Continuing on my gear hacking spree, the next unwilling victim is my aluminum pot lifter. I've been using an Open Country aluminum pot lifter for the past two years and really like the added security and safety it affords me when lifting my hot Snow Peak 600 cup up off of a stove or out of a fire. No one likes to burn their pinkies.
The Open Country pot lifter costs just $3.25 from REI which is just about the cheapest pot lifter/grabber on the market that I am aware of, but it's far from the lightest. Weighing in at 57g it's almost twice the weight of the MSR LiteLifter which weighs a mere 28.3g and costs a whopping $15. The MSR version is lighter simply because of the design which uses less aluminum - less metal means less weight.
A popular weight reduction technique seen in pocket knives/tools is called skeletonizing and even if you're not familiar with the term, chances are you've seen examples of it such as the Leatherman Skeletool - probably the best example I can think of. It's a simple process; you drill out or remove as much of the material (in most cases that's metal) as you can without reducing the strength or stability of the item. Which got me thinking... hands up if you know where I'm going with this.
Heck I can drill holes! The Open Country pot lifter is made from aluminum, which is one of the softest and easiest metals to work with, and I have a drill press, files, wire wool, and pretty much all the tools I would need in my garage - sounds like a perfect DIY project to me.
The target weight to beat, or get as close to as I can, is that of the pricy MSR LiteLifter (28.3g). I didn't know if that was possible but I was certainly willing to drill the crap out of my $3 pot lifter in order to give it a shot. Being the OCD geek that I am, I took a little time to mark out a center line on the top handle and eyeball roughly where I wanted the holes to go. I used an automatic center-punch to mark where each of the holes would go and to help stop the drill from skipping on the surface of the metal. I also got a little creative with the positioning and size of the holes I wanted to make.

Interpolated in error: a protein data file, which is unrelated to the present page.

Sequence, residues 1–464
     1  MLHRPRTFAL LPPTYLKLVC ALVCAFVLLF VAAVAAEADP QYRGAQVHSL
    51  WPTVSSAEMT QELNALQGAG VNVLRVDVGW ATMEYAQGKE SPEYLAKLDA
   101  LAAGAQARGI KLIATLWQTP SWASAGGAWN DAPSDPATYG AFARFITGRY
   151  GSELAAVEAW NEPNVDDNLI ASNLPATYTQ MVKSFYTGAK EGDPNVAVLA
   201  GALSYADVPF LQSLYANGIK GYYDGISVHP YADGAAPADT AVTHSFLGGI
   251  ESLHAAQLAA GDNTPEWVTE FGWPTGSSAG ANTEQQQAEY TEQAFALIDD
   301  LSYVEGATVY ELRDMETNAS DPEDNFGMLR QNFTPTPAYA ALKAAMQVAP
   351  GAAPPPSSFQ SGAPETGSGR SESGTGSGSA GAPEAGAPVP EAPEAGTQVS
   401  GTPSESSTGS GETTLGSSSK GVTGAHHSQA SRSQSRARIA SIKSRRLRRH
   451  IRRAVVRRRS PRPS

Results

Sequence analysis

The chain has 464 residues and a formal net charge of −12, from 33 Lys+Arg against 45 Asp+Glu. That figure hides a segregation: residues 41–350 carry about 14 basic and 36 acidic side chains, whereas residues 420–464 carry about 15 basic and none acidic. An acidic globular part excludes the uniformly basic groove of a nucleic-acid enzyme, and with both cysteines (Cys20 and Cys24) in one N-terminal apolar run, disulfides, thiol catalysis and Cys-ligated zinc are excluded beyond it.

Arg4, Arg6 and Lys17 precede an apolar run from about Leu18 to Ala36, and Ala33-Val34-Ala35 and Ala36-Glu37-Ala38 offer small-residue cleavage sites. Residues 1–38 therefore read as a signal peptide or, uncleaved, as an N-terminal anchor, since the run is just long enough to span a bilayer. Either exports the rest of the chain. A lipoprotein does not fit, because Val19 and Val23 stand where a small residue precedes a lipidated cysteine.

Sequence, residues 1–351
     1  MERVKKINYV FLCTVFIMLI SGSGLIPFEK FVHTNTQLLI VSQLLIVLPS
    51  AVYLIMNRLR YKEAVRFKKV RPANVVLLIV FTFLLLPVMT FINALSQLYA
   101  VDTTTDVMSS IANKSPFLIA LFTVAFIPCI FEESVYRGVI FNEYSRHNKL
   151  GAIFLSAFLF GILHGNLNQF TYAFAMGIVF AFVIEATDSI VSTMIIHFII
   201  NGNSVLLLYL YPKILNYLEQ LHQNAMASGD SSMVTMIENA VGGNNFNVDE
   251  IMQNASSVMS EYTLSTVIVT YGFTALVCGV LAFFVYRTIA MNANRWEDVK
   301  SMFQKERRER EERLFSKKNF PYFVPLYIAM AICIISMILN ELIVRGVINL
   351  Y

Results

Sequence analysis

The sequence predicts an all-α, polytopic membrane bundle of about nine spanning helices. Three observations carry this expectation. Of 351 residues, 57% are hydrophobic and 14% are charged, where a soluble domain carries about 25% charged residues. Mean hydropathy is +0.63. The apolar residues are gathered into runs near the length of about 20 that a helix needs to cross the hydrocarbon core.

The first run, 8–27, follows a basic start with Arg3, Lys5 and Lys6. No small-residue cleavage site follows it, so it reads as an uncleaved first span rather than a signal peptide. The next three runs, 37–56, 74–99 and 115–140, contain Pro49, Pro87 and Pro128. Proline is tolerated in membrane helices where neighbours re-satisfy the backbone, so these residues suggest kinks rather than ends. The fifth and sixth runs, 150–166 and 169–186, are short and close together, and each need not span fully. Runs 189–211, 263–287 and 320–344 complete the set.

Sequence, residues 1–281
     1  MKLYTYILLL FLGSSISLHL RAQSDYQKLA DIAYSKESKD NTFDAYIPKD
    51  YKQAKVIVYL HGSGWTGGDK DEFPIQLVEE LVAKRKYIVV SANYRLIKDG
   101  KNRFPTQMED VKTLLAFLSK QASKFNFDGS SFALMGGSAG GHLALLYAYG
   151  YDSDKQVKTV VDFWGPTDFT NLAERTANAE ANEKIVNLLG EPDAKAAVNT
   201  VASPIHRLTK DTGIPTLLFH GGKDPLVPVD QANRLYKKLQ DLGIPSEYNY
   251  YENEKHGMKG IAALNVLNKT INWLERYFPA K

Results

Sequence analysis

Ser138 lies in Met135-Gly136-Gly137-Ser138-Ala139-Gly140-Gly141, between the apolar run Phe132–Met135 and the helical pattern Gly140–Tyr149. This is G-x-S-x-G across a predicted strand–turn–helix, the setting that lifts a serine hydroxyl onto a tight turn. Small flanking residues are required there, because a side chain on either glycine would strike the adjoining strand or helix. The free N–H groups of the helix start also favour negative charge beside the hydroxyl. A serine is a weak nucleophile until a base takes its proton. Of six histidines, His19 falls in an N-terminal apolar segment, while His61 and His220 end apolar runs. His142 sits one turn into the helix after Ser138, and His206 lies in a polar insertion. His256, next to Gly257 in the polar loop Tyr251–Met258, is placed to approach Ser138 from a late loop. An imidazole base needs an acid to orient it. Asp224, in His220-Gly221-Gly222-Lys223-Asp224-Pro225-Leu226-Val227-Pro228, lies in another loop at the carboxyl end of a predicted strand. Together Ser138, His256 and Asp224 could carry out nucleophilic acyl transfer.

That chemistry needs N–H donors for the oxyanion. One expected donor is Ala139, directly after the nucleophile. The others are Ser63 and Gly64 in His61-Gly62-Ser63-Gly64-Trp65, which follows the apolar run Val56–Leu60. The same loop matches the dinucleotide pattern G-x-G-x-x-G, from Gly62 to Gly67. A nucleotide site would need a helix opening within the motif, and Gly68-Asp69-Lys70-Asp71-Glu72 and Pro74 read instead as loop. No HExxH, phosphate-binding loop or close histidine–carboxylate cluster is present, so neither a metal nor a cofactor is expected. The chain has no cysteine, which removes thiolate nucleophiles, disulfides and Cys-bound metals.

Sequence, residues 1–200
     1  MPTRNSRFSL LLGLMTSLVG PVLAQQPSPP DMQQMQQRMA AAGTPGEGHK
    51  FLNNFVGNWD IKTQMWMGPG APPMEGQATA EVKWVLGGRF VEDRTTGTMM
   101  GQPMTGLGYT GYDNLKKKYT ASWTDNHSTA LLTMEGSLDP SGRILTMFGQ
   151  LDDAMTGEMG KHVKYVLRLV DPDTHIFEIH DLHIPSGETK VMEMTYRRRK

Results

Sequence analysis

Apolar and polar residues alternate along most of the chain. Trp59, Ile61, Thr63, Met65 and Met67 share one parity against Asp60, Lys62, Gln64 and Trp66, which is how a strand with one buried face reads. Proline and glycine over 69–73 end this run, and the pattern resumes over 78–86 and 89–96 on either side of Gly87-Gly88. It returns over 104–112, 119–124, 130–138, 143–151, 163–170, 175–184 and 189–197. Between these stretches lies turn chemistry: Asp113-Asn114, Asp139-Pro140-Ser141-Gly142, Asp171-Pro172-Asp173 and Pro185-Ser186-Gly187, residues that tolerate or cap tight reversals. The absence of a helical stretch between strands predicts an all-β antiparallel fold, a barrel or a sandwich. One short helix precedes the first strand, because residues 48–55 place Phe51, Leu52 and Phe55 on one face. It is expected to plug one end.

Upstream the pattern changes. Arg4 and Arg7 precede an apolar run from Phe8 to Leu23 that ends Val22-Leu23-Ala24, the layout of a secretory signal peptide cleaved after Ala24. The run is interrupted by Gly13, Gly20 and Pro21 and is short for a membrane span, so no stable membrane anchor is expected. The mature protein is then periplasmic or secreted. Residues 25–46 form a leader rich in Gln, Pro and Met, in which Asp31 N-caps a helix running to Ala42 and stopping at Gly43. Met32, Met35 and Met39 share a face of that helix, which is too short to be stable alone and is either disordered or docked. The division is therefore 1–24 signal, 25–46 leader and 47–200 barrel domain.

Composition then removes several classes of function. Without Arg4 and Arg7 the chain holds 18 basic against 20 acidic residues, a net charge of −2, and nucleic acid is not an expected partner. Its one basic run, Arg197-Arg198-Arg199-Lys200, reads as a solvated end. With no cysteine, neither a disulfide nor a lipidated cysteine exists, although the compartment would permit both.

As you can see from the photos, I drilled a lot of holes in both the top and the bottom handle to reduce the weight. Even without the benefit of making the gripper lighter weight, I actually think that my skeletonized version looks a lot cooler than the original - maybe Open Country could think about doing this themselves to compete with MSR. You're welcome Open Country, I'm looking forward to my first royalty check.
Drilling holes in any type of metal will create a lot razor sharp burs, which will shred your hands and fingers (the voice of experience). So, I took some time to clean up all the edges of the drilled holes on both sides with some very small jeweler's files that I have. Once the sharp edges were removed I gave the entire surface a good rub down with fine wire wool to give a clean, satin-brushed finish.
Oh the new weight? After drilling all of the holes and tidying up, the final weight of my $3 pot lifter was an amazing 28g exactly! That was a hair under the weight of the more expensive MSR LiteLifter (28.3g). I'm pretty sure that I could remove an awful lot more metal without jeopardizing the integrity of the gripper or impeding its function, but for now I'm really happy with the results and will definitely be carrying this with me from now on. I think it looks really great, what do you think?
Disclosure: The author owns this product and paid for it using their own funds.
Brian is a Charlotte based backpacker, gear junkie, runner, and CrossFit(er). Originally from Southampton, England, Brian has lived in the US for over 20 years, finally settling in North Carolina. He spends as much time backpacking as his busy work schedule and family life will allow.